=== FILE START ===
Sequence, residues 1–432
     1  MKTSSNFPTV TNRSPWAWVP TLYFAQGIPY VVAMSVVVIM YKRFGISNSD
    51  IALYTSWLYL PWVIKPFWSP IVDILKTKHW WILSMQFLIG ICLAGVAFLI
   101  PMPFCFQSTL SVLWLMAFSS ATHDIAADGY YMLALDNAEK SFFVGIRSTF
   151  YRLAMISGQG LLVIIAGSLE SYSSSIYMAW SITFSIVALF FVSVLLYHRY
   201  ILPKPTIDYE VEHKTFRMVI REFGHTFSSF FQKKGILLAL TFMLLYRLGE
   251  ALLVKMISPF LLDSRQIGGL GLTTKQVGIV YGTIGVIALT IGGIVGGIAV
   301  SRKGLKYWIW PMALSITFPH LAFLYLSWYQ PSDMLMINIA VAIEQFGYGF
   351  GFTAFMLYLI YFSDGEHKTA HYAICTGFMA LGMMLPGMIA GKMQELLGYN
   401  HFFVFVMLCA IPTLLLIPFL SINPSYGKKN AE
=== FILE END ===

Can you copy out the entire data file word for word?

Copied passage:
Sequence, residues 1–432
     1  MKTSSNFPTV TNRSPWAWVP TLYFAQGIPY VVAMSVVVIM YKRFGISNSD
    51  IALYTSWLYL PWVIKPFWSP IVDILKTKHW WILSMQFLIG ICLAGVAFLI
   101  PMPFCFQSTL SVLWLMAFSS ATHDIAADGY YMLALDNAEK SFFVGIRSTF
   151  YRLAMISGQG LLVIIAGSLE SYSSSIYMAW SITFSIVALF FVSVLLYHRY
   201  ILPKPTIDYE VEHKTFRMVI REFGHTFSSF FQKKGILLAL TFMLLYRLGE
   251  ALLVKMISPF LLDSRQIGGL GLTTKQVGIV YGTIGVIALT IGGIVGGIAV
   301  SRKGLKYWIW PMALSITFPH LAFLYLSWYQ PSDMLMINIA VAIEQFGYGF
   351  GFTAFMLYLI YFSDGEHKTA HYAICTGFMA LGMMLPGMIA GKMQELLGYN
   401  HFFVFVMLCA IPTLLLIPFL SINPSYGKKN AE